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Games of 2014: The Wolf Among Us

Nobody's listening.

When I think about the events that came to dominate the news this past year, two words come to mind - desperation and confusion. This was the year that political tensions, brewing for decades, finally bubbled over. And yet, as I thumb through comprehensive explanations of all the little steps that led to the formation of ISIS, of Putin's renewed bullishness, of the galvanization of class roles throughout the first world, it's practically deterministic. "Of course," I say to myself. "What did we think would happen?"

The Wolf Among Us reminds me that we can't ever really predict these sorts of things, at least not in their totality. We're trying to discuss history from within history, and that robs us of the perspective needed to solve our own problems, or look beyond the next paycheck.

Ostensibly, the story of the Telltale's neo-noir crime drama is that of larger-than-life fairy tale characters, struggling to make their way in 1980s New York City. Initially, at least, this is certainly the case. By the second of five episodes, however, the real battle lines are clear, and the underlying tensions that have constructed the hell that all of these people are enduring start to assert themselves.

From inside the body of Sheriff Bigby Wolf, time and time again, I recall gazing into the pained, weary eyes of my wards, wanting to scream, "Why Didn't You Tell Me It Was This Bad?!" The answer to my plea is, of course, that they did. They begged and they cried. They did everything they were supposed to. They were good people that ran dry of good options. A lawman I may be, but I have no right to judge the forlorn and the lost.

So where does that leave me?

As I trudged through this tiered murder mystery craving justice, I kept hitting walls built of the souls I had abandoned, the people I had failed to protect. Instead of seeking the safety and protection of the law, they found cold silence and reified the stinging realization that no one listened. They fell into the manipulative embrace of criminals and hit men. "Of course", I say to myself. "What did I think would happen?"

Long stretches of painful, awkward silence punctuate intense fistfights and dense dialog trees.

The Wolf Among Us questions the notion that any story really has a beginning. It seems to start reasonably enough: Bigby Wolf is a sheriff, and the first episode ends with the murder you'll spend the rest of the season trying to untangle. But the more I think about our own world, I realize that no story truly has a beginning. All of these tendrils of history, these personal stories, wind together to create this tragic tapestry that tells the story of human beings on Earth. Even that's not the whole of it. In Bigby's world, as in ours, there are no accidents because everything, absolutely everything, has a cause.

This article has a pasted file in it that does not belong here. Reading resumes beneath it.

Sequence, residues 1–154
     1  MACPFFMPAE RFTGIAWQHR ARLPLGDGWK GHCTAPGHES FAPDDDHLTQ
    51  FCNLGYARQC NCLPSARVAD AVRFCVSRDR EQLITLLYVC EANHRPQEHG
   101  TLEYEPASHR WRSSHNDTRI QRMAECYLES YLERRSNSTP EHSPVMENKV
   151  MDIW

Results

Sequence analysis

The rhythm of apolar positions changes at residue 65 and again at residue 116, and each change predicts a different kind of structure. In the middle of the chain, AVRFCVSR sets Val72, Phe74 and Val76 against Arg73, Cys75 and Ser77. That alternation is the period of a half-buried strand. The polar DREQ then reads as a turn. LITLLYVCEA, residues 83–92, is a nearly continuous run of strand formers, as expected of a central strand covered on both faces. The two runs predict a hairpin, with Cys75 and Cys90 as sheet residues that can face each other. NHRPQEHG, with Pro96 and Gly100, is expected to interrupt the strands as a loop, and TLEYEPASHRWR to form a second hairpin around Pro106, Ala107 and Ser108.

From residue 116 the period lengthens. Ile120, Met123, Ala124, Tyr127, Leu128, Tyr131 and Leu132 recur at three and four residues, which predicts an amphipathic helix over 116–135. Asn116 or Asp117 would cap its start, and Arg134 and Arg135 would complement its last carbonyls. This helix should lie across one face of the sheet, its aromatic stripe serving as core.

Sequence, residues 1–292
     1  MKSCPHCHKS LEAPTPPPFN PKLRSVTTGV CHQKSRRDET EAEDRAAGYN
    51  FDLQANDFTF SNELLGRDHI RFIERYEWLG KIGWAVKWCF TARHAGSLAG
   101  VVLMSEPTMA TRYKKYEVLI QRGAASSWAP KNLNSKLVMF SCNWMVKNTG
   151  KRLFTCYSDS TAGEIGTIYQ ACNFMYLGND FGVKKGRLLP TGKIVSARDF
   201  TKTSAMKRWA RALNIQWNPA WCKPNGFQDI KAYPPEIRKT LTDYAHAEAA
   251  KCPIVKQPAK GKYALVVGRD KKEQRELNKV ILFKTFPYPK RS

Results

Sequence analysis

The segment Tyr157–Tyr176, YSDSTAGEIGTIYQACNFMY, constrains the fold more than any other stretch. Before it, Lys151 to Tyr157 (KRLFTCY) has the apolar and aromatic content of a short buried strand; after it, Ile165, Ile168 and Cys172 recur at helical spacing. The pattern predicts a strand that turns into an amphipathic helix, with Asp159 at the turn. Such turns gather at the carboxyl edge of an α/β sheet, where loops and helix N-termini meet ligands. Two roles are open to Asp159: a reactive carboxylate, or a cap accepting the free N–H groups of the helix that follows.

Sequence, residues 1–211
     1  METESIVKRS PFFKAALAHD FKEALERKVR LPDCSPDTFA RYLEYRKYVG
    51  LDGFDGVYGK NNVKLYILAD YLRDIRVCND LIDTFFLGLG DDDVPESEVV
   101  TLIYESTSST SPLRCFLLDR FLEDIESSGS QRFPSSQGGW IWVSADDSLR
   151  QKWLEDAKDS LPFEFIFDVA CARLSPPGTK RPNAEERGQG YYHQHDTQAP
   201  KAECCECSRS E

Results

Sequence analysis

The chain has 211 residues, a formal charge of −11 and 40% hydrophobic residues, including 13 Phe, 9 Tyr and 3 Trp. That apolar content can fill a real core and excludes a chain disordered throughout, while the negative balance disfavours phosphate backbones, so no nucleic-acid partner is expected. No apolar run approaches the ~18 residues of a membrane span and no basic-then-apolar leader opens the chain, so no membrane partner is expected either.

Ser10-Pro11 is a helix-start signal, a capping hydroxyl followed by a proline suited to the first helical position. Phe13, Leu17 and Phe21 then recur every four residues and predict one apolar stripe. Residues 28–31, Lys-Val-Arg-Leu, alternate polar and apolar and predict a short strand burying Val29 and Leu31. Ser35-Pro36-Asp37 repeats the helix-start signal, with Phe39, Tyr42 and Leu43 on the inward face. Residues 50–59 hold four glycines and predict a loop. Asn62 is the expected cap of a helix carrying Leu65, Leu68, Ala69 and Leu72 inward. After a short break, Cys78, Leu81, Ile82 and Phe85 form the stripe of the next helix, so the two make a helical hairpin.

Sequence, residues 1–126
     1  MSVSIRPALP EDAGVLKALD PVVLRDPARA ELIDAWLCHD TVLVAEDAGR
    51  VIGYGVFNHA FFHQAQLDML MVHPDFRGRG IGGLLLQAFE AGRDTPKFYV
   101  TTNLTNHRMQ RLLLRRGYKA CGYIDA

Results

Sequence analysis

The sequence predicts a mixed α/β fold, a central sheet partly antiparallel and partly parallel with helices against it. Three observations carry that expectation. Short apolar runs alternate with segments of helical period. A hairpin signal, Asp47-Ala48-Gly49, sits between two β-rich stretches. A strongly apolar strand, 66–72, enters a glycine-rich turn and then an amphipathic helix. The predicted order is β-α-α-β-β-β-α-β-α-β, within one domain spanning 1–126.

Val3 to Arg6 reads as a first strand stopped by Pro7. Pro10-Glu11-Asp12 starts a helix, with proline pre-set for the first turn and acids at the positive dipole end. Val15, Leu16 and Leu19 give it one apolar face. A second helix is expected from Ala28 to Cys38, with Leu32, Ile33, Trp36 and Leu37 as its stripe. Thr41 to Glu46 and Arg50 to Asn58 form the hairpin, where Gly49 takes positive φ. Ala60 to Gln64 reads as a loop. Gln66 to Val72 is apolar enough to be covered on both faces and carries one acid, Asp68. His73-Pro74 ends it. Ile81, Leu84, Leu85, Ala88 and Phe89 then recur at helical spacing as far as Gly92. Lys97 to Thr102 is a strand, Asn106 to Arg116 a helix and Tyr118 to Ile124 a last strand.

The diaspora of the fables, scattered as they are in the decaying city core of 1980s New York, create this palpable sense of political and economic struggle. Some are born into privilege - those like Beauty or Snow White. Because they look human, they don't have to obscure their true form with expensive magic. Others are required to purchase spells called "glamours" to interact with anyone outside of their very small enclave. For them, hardship is a given. Superficially, reasonable laws create and ultimately cement power structures that never used to exist. Old class systems from the fables' time as legends are fairy tales rarely crossing into the 20th century successfully.

It's an apt analogy for colonialism and the tyranny of aristocracy. While most people began on a largely equal footing at some very distant point in time, as our species has marched forward, some have inevitably been left behind. When they turn to desperate tactics for survival, they're blamed for the injustice that had them bound to begin with.

As the mystery wears on, Bigby Wolf, the human form of the legendary Big Bad Wolf, comes closer to showing us who he really is. Caught between his cannibalistic past, keeping a strained peace alive, extracting his particular brand of pseudo-vigilante justice, and even his own survival, he - which is to say we - lash out against the dangerous and the unjust. Precisely at first, but growing more erratic as the weight of his absolute deficiency crystallizes before us.

Watching a despondent father comfort his frightened son as their lives are torn to shreds by laws you enforced makes your failure to bring justice that much more clear.

I don't know that I'd call The Wolf Among Us an elegant metaphor. It is, however, hauntingly poignant, particularly in 2014. As it's plot is laid bare, all of the scripts for the game's actors come together in this delightfully tragic play. We come to realise that the sense of power and control that we're afforded was always an illusion, because from the beginning we're pushed forward by forces set in motion long ago.

It's hard for me not to come away from The Wolf Among Us feeling disempowered or fatalistic. Even at its climax, when we as Wolf assert all the agency we can muster, the revelation that we've been manipulated the whole time undercuts the infantile delusion of power.

I've played countless games in my life. Devil May Cry made me feel like a badass. Mario made me feel invincible. Killer7 made me feel insane. None has ever made me feel like I had so much, even as the transparency of my helplessness was made repeatedly and aggressively clear.

And what's wrong with that? Yes, the reality of history is harsh, but it's also peppered with the kindnesses of those who listened. Manipulated as Bigby may have been, some twisted form of good does eventually surface. It's delicate and imperfect, but it's a start.

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Daniel Starkey avatar

Daniel Starkey


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